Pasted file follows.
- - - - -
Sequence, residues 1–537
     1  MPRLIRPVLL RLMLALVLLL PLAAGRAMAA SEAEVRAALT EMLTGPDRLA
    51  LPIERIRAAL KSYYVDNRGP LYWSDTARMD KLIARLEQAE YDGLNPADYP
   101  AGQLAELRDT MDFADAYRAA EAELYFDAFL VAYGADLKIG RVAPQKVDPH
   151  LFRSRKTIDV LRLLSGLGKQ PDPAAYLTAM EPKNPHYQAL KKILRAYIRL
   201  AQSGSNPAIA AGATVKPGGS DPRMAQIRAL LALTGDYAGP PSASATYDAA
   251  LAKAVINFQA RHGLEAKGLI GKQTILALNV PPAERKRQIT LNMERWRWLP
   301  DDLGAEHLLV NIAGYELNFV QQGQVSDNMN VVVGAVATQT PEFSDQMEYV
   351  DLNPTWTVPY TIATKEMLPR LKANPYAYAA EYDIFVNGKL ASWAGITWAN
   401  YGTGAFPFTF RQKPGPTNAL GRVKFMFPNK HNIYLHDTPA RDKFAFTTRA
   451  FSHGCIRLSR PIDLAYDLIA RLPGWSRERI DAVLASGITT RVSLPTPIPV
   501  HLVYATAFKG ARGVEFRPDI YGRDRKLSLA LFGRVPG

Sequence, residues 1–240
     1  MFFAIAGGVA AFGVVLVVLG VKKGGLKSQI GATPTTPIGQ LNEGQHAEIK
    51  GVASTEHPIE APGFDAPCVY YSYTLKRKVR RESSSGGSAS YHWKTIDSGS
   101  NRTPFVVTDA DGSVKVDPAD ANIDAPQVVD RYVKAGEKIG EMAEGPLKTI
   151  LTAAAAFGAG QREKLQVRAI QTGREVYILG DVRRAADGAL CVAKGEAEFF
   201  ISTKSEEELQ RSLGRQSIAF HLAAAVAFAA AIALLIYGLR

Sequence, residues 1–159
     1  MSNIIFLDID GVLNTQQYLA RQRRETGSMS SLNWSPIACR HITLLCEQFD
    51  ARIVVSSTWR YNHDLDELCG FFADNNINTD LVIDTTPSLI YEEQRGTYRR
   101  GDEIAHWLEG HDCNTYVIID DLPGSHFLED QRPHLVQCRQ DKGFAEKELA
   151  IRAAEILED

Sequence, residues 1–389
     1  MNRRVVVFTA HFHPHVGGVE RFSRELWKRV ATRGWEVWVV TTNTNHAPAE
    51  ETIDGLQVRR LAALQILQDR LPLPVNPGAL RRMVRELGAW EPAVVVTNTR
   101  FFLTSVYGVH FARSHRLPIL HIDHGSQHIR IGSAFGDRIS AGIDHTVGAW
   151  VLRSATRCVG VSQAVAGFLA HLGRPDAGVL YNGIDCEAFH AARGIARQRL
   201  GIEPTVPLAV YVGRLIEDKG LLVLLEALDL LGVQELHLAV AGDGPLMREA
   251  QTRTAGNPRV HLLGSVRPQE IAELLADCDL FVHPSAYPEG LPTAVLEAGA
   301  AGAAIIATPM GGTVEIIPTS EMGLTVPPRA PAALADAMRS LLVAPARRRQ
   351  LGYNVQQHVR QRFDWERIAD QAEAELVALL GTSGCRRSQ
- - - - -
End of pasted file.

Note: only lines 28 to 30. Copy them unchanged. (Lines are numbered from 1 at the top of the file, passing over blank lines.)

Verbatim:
   151  VLRSATRCVG VSQAVAGFLA HLGRPDAGVL YNGIDCEAFH AARGIARQRL
   201  GIEPTVPLAV YVGRLIEDKG LLVLLEALDL LGVQELHLAV AGDGPLMREA
   251  QTRTAGNPRV HLLGSVRPQE IAELLADCDL FVHPSAYPEG LPTAVLEAGA